This all-in-one sensor is easy to integrate into your next product and brings high-tech radar sensing to an affordable range.
Radar is literally “Radio Detecting And Ranging” – a way of bouncing ‘high frequency’ electromagnetic waves off of objects to detect the reflection. We’re familiar with radar in a few contexts: originally developed for military use, it worked great for detecting metal things in the sky (airplanes) as they would approach a city to possibly bomb it.
We still use it a lot in military contexts: detecting planes, bombs, boats and submarines. It’s also super handy in domestic contexts like air traffic control, if you can detect planes you can verify their positions and make sure each one comes in or out of the airport without collision.
Radar is also useful for weather pattern detection (although this sensor isn’t good for that purpose, just a fun fact for you to know).
Another common purpose for radar you’re probably familiar with is the dreaded speeding radar gun, a small-enough-to-be-handheld radar device that can be pointed at a car to determine its speed without requiring a difficult-to-calculate “time between two points” measurement. These reliable devices (which apparently now are replaced with LIDAR based ones!)
Now, most folks who have used IR sensors, Time of Flight, or sonar sensors can understand how to detect an object by counting the delay between sending a signal vs when its received and dividing by the wavelength. How can you determine velocity – normally you’d need to detect location twice, then determine the time between the two locations whereas radar can do it one measurement. This is thanks to the ‘Doppler Effect‘, the same scientific principle that causes ambulance sirens to be higher pitch as they approach and lower pitch as they drive away from you due to the ‘bunching up’ of the waves as the wave source moves. Likewise with Radar, the frequency will shift slightly depending on the speed of the object, which can be detected by calculating the minute variation in frequency.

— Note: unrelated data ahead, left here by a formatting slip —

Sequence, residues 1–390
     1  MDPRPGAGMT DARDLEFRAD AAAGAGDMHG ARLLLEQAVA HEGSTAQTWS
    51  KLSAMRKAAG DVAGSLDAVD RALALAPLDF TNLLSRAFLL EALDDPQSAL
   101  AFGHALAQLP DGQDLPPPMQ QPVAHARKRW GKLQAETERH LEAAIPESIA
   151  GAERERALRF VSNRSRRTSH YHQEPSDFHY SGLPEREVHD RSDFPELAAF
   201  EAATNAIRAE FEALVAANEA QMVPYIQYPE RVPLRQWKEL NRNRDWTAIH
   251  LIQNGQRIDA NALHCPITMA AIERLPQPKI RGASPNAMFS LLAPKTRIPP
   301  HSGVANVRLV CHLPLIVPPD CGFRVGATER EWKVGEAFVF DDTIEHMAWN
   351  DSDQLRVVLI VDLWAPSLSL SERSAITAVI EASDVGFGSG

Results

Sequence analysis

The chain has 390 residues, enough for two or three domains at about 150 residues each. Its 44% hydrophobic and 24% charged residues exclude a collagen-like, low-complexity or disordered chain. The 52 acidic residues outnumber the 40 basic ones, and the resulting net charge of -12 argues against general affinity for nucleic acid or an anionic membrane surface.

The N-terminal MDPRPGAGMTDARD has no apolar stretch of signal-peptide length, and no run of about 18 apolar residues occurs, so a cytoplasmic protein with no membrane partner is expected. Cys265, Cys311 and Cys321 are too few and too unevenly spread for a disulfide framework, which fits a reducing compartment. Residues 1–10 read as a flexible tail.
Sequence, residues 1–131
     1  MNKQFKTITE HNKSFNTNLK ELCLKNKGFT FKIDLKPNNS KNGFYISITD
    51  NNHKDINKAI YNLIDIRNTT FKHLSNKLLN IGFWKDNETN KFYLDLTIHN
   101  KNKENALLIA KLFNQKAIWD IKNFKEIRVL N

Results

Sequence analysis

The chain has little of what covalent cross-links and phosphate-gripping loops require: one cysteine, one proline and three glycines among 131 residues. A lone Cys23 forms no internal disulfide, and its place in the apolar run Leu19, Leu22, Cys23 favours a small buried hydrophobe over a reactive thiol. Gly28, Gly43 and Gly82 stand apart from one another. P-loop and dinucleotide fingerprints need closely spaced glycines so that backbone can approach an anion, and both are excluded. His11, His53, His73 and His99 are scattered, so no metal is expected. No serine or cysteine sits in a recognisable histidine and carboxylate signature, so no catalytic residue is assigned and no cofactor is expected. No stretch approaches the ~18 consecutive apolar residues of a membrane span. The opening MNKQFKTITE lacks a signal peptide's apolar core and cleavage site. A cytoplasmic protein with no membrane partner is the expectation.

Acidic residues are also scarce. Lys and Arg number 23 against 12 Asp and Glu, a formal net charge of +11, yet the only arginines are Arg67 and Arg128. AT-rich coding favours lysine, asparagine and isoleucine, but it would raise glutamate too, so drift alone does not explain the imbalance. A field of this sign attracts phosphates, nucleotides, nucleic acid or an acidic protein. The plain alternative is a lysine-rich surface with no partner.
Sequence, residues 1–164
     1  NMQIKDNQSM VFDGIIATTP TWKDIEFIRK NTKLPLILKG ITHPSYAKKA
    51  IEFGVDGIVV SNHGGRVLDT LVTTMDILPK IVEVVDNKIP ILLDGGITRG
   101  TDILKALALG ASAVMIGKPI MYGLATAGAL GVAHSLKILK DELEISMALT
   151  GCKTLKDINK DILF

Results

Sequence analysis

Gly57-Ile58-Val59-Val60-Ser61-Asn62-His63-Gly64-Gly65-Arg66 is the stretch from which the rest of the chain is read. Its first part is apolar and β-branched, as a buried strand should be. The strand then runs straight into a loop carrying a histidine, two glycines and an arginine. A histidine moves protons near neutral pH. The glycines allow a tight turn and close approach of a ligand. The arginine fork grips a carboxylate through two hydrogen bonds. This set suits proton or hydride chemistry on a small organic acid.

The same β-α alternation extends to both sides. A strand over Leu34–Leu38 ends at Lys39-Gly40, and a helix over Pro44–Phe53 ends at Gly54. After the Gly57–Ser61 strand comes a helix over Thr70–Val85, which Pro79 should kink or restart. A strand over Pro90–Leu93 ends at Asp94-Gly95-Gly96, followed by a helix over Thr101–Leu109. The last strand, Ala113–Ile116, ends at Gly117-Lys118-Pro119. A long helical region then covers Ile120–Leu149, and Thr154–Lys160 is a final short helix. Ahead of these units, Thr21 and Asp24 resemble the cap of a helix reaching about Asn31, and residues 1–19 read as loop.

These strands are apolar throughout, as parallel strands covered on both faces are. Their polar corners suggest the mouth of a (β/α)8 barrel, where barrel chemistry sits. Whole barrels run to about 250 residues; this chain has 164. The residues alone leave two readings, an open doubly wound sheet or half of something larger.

Radar sensors are often used in similar cases as IR, ToF, sonar or LIDAR sensors: for detecting objects or motion or distance. Compared to IR, Radar will give you a much longer range and will work with a wider range of objects without being affected by ambient light, object color or shininess. Compared to ToF you’ll get velocity, long range. Sonar is longer range than IR or ToF but has a wide spread. LIDAR is very comparable but is new and more expensive – Radar is easy to implement and low cost by comparison.
And this Radar module is particularly easy to use because unlike many cheap modules that only give you a pulse signal that has to be massaged and measured to determine object distance and/or speed, this one has an FTDI-cable compatible UART signal out. Simply provide 5V power and you’ll get 250 kbps TTL signal out with a listing of objects, distances and velocities. This makes it trivial to integrate with any computer or microcontroller.
The InnoSenT 24 GHz IMD-2000 Radar Sensor is the easiest to use Radar sensor we’ve seen and it’s in stock now, for immediate shipment from Digi-Key! Book it today and you can be radaring, object counting, distance measuring, velocity-finding and more by tomorrow afternoon.